The wedding is a moment of gaiety  for the guests but of  terror for Lucia. The chorus  which remains fairly discreet in this work, moves about in tight formation in the halls of the chateau, like one single mass of humanity, shifting from one side of the set to the other,  one corner of the a hall to another..or up along the stairway, creating a strange homogeneous configuration of human beings  who are choreographed to remain distant from the main characters.

At several points in Acts I and II  the soprano’s voice was drowned out by the orchestra and I do hope they will listen to singer and try to modulate the sound more effectively.  However,  there were the two final  moments of greatness that  lived up to all my expectations in Act III.

First there was the  pale, bloodspattered Lucia  who comes comes down that magnificent stairway holding her dagger. We again notice the beautiful costumes of the men and the women by Malabar.  Lucia  has just stabbed her new husband and as she reaches her guests, she begins her mad scene by trying to talk Edgardo, by reaching out to him and carressing this absent figment of her troubled mind.  Soon after she  collapses,  It was a brilliant performance. She almost underplayed the emotion so it did not seem too melodramatic. Coloratura soprano Lyubov Petrova brought to her singing an intimate, and delicately nuanced ensemble of psychological  moments. Her coloratura notes soared and then plunged into delicate whispering that remained perfectly audible.. Those shifts into different passionate attitudes transformed this aria into the very incarnation of a mind that was falling apart.  This acting was pure Stanislavski, something I have never seen a  singer able to manage.  
Then, the opera ended with the soaring aria sung by Tenor Marc Hervieux  as Edgardo.  He  distinguished his  firey dramatic voice and presence  from his very first moment on stage. Another strong actor.  As he was dying and sobbing over Lucia’s tomb you could  actually hear the breath leaving his body  but the power  of the music does not actually weaken even though he is emotionally a broken man.  You can hear all that. It was another remarquable performance.   Tenor Nils Brown as Arturo was perhaps the weak point in the cast but Lucia di Lamermoor is an excellent production and a MUST this season.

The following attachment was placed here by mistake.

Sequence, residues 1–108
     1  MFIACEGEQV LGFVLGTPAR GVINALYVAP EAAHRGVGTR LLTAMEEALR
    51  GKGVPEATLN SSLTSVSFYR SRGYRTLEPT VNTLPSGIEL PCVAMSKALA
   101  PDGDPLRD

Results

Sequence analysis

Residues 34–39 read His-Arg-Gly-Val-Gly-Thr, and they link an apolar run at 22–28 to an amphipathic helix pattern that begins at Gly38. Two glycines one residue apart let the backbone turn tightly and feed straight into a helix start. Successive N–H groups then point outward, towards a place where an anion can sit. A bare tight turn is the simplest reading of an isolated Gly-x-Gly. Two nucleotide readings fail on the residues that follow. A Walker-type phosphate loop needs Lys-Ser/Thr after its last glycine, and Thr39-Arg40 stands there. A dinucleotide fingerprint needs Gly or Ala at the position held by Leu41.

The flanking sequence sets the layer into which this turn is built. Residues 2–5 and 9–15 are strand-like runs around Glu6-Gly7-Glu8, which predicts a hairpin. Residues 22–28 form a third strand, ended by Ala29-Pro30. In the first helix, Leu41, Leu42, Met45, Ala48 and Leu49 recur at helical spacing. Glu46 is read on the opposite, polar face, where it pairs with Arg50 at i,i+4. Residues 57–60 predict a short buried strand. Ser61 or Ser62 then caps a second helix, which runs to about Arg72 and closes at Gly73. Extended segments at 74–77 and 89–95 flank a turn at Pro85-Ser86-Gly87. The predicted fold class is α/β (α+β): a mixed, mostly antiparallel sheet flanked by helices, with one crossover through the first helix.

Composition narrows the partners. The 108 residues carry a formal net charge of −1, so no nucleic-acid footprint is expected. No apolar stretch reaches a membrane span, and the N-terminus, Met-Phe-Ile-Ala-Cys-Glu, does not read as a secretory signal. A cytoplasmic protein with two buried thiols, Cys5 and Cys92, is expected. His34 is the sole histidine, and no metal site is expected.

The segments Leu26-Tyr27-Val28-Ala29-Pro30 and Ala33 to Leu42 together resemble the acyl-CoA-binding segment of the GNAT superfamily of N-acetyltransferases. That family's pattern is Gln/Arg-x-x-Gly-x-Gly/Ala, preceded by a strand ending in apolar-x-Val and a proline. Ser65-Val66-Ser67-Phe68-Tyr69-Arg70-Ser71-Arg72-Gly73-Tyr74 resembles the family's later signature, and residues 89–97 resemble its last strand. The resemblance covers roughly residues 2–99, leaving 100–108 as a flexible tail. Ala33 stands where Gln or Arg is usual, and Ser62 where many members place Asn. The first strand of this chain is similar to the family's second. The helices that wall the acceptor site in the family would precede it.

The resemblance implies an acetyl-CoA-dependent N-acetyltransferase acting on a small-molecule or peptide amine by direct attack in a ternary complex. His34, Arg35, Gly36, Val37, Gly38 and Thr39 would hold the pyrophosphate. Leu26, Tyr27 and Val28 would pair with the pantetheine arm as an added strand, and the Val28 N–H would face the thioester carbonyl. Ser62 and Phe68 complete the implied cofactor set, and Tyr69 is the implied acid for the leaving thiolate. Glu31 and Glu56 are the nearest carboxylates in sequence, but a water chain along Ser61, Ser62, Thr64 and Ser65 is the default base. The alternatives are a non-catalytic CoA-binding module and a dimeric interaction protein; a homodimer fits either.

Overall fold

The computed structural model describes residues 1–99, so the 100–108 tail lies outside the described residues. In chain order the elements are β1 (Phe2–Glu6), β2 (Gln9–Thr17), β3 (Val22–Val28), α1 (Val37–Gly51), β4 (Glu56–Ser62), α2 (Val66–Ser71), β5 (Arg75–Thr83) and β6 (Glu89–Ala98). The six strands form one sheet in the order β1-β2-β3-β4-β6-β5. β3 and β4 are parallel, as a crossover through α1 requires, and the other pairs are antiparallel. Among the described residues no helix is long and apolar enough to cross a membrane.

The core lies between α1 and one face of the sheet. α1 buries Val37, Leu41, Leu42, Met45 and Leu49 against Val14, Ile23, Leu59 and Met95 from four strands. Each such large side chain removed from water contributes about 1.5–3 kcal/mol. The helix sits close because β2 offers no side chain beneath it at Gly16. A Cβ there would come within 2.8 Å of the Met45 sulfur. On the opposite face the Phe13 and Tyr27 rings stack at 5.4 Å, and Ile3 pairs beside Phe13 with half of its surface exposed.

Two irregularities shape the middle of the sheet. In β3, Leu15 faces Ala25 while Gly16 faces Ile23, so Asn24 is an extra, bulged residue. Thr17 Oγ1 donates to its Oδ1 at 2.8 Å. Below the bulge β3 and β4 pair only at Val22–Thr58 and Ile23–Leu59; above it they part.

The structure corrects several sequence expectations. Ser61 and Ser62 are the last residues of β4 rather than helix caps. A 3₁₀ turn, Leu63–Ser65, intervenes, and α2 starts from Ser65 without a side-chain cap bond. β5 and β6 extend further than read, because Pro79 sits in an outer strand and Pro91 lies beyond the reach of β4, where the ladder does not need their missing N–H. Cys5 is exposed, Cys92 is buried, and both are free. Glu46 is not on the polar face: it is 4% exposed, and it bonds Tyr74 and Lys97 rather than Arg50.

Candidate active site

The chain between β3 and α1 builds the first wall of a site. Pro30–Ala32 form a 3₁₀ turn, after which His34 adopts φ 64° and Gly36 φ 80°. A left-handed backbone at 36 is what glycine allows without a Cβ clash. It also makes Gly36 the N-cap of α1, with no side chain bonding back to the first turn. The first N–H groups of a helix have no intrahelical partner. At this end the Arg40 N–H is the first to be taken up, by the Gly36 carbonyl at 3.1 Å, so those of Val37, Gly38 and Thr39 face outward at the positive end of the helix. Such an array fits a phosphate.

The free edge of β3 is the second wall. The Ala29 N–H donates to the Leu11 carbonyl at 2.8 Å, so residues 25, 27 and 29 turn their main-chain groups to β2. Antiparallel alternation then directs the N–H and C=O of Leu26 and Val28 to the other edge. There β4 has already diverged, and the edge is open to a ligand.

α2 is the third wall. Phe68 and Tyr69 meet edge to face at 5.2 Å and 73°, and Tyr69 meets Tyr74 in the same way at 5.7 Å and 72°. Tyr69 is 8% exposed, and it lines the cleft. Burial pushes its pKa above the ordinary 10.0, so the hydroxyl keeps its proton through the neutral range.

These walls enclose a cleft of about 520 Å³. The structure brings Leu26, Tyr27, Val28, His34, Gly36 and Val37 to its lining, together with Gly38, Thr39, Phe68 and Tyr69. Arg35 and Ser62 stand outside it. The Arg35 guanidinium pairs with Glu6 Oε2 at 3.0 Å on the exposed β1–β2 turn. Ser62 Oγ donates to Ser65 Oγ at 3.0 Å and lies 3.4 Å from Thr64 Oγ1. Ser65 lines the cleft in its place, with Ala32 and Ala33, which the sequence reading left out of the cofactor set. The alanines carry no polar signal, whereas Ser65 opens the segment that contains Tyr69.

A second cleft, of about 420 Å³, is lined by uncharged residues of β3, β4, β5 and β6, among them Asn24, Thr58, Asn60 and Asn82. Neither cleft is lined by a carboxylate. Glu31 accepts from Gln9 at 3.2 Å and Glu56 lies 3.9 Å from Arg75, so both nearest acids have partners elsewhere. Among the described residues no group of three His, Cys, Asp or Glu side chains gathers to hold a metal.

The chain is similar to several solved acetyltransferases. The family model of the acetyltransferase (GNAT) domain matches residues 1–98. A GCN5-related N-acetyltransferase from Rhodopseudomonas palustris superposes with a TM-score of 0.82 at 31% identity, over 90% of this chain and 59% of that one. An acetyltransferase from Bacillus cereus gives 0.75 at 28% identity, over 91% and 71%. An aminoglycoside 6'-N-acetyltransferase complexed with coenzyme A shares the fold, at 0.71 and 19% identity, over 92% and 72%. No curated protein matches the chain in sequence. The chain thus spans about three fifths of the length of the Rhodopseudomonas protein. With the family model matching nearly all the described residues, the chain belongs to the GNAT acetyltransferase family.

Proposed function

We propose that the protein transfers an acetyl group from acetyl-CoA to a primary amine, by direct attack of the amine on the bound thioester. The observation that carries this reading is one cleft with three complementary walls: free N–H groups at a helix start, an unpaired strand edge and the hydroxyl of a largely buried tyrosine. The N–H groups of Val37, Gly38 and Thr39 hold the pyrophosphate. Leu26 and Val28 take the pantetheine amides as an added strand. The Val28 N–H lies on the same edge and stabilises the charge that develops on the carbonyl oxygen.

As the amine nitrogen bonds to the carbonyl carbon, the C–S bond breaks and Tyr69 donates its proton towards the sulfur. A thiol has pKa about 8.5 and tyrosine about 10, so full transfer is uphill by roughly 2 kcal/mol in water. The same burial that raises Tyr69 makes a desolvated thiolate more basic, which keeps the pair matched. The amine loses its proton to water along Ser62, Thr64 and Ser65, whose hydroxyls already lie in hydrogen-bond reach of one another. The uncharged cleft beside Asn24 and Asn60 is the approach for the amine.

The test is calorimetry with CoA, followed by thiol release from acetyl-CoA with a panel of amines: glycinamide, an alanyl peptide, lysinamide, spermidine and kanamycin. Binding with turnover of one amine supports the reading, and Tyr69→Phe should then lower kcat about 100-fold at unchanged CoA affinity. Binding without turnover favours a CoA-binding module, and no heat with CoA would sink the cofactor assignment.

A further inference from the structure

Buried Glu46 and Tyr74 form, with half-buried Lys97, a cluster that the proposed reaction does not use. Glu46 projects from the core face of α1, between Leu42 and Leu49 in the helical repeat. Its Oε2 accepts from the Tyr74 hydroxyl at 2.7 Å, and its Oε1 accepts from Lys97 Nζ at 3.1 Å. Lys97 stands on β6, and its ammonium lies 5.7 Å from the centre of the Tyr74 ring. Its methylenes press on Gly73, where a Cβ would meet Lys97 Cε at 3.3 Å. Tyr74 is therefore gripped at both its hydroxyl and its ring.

There is no longer any doubt,  Opera Lyra is henceforth one of the opera companies in Canada to be taken very seriously.

Performances continue until April 2..

Lucia di Lammermoor

A production of Opera Lyra at the National Arts Centre

Musique de Donizetti

Libretto  in Italian by Salvatore Cammarano

Based  on the novel by Sir Walter Scott, The Bride of Lamermoor

Conductor and Artistic director  Tyrone Paterson

General Director  Tom Charlton

Chorus Master Lawrence Erwashko

Lighting design  Stephen  Ross

Surtitles provided by the Opéra de Montréal

Production created by the Florida Grande Opera

Scenery deisgned by Robert R. O ‘Hearn and made available by the Utah Symphony /Utah Opera

Costumes – Malabar Limited.

Performance time 162 minutes, One 20 minute intermission.

Plays until  April 2, 2011

CAST

Lucia   Lyubov Petrova

Edgardo     Marc Hervieux

Enrico      Gregory Dahl

Raimondo    Robert Pomakov

Arturo        Nils Brown

Alisa          Wendy Hatal foley

Normanno    Grahma Thomson


Past Reviews